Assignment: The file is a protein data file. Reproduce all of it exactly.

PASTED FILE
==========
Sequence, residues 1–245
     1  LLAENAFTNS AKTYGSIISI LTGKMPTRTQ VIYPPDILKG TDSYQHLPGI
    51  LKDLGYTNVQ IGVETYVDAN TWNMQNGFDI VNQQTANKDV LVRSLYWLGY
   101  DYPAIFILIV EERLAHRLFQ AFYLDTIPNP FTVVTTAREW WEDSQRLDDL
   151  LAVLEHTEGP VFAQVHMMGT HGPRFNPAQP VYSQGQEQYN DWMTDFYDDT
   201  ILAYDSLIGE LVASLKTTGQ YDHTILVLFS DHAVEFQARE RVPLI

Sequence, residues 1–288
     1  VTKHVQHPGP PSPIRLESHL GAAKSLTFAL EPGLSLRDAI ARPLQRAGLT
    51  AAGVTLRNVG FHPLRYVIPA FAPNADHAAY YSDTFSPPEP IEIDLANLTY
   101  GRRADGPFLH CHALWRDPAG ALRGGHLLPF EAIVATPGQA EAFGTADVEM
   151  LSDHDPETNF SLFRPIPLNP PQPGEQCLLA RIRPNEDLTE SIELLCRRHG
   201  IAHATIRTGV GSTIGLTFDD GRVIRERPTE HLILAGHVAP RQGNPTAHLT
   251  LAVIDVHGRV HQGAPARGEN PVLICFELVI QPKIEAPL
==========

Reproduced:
Sequence, residues 1–245
     1  LLAENAFTNS AKTYGSIISI LTGKMPTRTQ VIYPPDILKG TDSYQHLPGI
    51  LKDLGYTNVQ IGVETYVDAN TWNMQNGFDI VNQQTANKDV LVRSLYWLGY
   101  DYPAIFILIV EERLAHRLFQ AFYLDTIPNP FTVVTTAREW WEDSQRLDDL
   151  LAVLEHTEGP VFAQVHMMGT HGPRFNPAQP VYSQGQEQYN DWMTDFYDDT
   201  ILAYDSLIGE LVASLKTTGQ YDHTILVLFS DHAVEFQARE RVPLI

Sequence, residues 1–288
     1  VTKHVQHPGP PSPIRLESHL GAAKSLTFAL EPGLSLRDAI ARPLQRAGLT
    51  AAGVTLRNVG FHPLRYVIPA FAPNADHAAY YSDTFSPPEP IEIDLANLTY
   101  GRRADGPFLH CHALWRDPAG ALRGGHLLPF EAIVATPGQA EAFGTADVEM
   151  LSDHDPETNF SLFRPIPLNP PQPGEQCLLA RIRPNEDLTE SIELLCRRHG
   201  IAHATIRTGV GSTIGLTFDD GRVIRERPTE HLILAGHVAP RQGNPTAHLT
   251  LAVIDVHGRV HQGAPARGEN PVLICFELVI QPKIEAPL